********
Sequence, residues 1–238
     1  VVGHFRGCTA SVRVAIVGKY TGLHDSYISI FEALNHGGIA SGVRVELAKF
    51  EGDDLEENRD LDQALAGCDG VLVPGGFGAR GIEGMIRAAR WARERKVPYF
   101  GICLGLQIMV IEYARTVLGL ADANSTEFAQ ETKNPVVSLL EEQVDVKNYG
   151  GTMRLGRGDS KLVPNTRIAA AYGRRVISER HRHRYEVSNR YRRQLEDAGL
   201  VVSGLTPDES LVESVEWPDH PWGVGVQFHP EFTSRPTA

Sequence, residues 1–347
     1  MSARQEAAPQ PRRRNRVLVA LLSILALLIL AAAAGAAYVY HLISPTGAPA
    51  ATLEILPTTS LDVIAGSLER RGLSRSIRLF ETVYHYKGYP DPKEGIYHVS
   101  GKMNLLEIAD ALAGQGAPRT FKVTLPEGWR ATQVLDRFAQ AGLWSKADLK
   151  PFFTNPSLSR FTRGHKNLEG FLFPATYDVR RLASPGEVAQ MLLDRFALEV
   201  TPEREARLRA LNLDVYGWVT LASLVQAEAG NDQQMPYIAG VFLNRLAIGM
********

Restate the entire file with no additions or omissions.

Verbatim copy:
Sequence, residues 1–238
     1  VVGHFRGCTA SVRVAIVGKY TGLHDSYISI FEALNHGGIA SGVRVELAKF
    51  EGDDLEENRD LDQALAGCDG VLVPGGFGAR GIEGMIRAAR WARERKVPYF
   101  GICLGLQIMV IEYARTVLGL ADANSTEFAQ ETKNPVVSLL EEQVDVKNYG
   151  GTMRLGRGDS KLVPNTRIAA AYGRRVISER HRHRYEVSNR YRRQLEDAGL
   201  VVSGLTPDES LVESVEWPDH PWGVGVQFHP EFTSRPTA

Sequence, residues 1–347
     1  MSARQEAAPQ PRRRNRVLVA LLSILALLIL AAAAGAAYVY HLISPTGAPA
    51  ATLEILPTTS LDVIAGSLER RGLSRSIRLF ETVYHYKGYP DPKEGIYHVS
   101  GKMNLLEIAD ALAGQGAPRT FKVTLPEGWR ATQVLDRFAQ AGLWSKADLK
   151  PFFTNPSLSR FTRGHKNLEG FLFPATYDVR RLASPGEVAQ MLLDRFALEV
   201  TPEREARLRA LNLDVYGWVT LASLVQAEAG NDQQMPYIAG VFLNRLAIGM